Robert Novak

WASHINGTON -- Benazir Bhutto, back in Pakistan following eight years in exile with plans to tour the country seeking voter support, is holed up in Karachi after the near-miss attempt on her life. The government has declined to provide her minimal security against renewed assassination attempts on the former prime minister. That points up the shadowy new partnership between Bhutto and Gen. Pervez Musharraf, re-elected president of Pakistan by the electoral college on Oct. 6.

Arbab Rahim, chief minister of Sindh province (that includes Karachi), has refused Bhutto special police protection, tinted auto windows and bomb-jamming equipment. Bhutto for weeks was denied jammers against IEDs and additional armor on her vehicles. But a telephone call from the Pakistani president to Rahim, one of his lieutenants, surely could have given Bhutto the protection she desired.

So, who wants to kill Benazir Bhutto? Not Musharraf, who is astute enough to know his complicity in her death would be devastating for him. Yet he has not been forthcoming in investigating the Oct. 18 bombing in Karachi or preventing its recurrence. That provides a dilemma for President George W. Bush. While his administration depicts the enigmatic Musharraf as a faithful fighter against terrorism, it recognizes that Bhutto as prime minister would be unequivocally against Islamic extremism.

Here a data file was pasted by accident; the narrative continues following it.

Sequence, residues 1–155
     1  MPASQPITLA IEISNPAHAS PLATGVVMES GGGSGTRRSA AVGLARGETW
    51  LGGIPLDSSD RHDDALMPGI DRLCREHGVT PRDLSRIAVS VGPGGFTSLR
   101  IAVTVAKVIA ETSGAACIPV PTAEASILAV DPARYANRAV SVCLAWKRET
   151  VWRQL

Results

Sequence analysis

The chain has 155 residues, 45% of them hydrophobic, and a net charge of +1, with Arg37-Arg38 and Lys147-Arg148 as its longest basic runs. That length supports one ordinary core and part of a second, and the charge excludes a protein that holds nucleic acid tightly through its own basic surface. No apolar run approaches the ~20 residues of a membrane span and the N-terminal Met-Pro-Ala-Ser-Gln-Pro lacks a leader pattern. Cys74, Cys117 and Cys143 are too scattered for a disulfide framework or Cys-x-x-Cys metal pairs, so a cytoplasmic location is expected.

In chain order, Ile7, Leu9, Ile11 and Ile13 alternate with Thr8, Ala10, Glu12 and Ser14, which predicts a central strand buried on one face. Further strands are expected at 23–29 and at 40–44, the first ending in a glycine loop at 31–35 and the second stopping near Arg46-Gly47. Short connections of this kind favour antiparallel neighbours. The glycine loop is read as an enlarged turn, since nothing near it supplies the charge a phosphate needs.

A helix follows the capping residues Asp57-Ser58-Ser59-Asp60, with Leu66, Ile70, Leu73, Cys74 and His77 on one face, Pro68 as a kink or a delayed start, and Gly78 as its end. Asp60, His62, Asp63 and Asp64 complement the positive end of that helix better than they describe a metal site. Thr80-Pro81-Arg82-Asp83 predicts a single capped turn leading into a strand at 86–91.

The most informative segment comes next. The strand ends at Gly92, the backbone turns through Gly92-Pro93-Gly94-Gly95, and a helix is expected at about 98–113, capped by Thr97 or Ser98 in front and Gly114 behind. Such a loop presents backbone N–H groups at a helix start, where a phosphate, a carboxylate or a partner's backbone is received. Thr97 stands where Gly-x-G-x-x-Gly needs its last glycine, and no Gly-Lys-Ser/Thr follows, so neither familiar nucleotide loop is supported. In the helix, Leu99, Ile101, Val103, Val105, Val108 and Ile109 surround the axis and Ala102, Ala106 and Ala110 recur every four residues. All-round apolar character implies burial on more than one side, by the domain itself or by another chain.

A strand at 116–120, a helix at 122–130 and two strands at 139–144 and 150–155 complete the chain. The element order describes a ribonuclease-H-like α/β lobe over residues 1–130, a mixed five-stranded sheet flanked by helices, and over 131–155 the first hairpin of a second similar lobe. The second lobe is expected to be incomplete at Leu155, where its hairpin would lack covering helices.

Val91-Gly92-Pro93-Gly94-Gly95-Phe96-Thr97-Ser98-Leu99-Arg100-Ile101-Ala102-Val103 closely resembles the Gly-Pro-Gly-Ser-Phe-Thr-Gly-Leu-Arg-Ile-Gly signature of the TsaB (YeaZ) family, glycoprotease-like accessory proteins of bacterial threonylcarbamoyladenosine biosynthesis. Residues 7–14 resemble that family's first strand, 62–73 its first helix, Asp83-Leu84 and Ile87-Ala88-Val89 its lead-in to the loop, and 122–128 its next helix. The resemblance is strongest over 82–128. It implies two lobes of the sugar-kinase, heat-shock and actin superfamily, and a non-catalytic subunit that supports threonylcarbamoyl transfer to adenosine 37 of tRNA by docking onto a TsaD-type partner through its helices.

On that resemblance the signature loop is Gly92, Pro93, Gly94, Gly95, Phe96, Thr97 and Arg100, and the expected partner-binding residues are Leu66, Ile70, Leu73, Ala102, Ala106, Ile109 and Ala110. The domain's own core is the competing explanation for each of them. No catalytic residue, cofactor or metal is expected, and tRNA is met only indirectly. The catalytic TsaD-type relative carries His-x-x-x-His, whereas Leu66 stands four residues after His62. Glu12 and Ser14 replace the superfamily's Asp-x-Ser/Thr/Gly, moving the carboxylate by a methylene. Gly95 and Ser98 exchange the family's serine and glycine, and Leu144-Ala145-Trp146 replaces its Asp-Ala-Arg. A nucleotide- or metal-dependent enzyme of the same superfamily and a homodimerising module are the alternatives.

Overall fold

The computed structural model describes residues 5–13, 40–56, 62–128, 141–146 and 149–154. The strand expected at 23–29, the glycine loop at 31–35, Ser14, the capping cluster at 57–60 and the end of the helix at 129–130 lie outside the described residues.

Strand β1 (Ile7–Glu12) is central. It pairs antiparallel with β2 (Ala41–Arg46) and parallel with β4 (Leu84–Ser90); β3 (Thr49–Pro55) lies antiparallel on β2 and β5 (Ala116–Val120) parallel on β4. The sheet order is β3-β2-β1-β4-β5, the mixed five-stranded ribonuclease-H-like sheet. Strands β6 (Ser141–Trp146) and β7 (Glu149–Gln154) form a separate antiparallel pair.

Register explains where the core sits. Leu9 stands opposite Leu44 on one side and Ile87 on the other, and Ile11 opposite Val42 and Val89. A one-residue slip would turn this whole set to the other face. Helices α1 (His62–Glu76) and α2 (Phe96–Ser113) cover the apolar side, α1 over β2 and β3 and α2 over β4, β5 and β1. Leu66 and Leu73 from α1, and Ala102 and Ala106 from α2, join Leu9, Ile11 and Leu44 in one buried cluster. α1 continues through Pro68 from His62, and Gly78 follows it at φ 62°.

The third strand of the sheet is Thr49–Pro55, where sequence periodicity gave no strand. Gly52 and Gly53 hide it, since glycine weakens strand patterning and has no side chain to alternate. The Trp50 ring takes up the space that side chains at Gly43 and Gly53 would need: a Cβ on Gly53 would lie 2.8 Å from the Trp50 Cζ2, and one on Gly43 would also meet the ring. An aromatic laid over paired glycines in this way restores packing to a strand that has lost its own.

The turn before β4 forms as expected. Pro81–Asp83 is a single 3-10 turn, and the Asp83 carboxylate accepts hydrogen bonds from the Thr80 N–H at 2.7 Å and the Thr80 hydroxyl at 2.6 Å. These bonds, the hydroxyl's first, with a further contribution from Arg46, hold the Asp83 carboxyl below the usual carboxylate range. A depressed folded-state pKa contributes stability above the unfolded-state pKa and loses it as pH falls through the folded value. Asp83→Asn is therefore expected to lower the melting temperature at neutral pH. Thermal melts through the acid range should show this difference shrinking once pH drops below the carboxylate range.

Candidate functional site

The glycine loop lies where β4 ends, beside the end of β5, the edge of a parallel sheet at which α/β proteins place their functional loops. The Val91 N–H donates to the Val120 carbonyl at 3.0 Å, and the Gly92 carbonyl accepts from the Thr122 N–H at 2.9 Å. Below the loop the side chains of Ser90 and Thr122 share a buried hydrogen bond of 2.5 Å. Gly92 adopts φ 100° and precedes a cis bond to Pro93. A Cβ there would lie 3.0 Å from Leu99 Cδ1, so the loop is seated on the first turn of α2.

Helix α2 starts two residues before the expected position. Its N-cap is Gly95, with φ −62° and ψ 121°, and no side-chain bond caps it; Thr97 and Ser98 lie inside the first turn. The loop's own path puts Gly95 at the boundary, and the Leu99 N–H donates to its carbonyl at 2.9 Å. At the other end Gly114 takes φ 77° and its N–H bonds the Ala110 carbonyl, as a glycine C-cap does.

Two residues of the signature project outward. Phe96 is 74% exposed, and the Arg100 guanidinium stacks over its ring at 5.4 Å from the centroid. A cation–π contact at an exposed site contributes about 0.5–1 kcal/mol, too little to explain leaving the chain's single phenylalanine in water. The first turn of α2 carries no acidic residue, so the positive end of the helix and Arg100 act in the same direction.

Al Qaeda and the Taliban, who do not want Bhutto to lead Pakistan's government a third time, are behind the suicide bombing but do not appear to have acted alone. In addition to the bombing that took at least 136 lives, it is unpublicized that snipers fired on her convoy. Not al Qaeda's style, that points to Pakistan's ISI (Inter-Services Intelligence), or at least rogue elements within it. Musharraf, though still military commander, does not exercise complete control over ISI (which is considered a state within a state and gave birth to the Taliban in Afghanistan).

It is difficult to identify attempted assassins because Interior Minister Aftab Khan Sherpao said he would "categorically reject" help from world-class FBI forensic investigators. Sherpao once was a leader of Bhutto's Pakistan Peoples Party (PPP) but changed sides in return for being absolved of Musharraf's criminal charges. More than 10 days after the bombing, it is too late for forensic evidence.

Robert Novak

Robert Novak (1931-2009) was a syndicated columnist and editor of the Evans-Novak Political Report.

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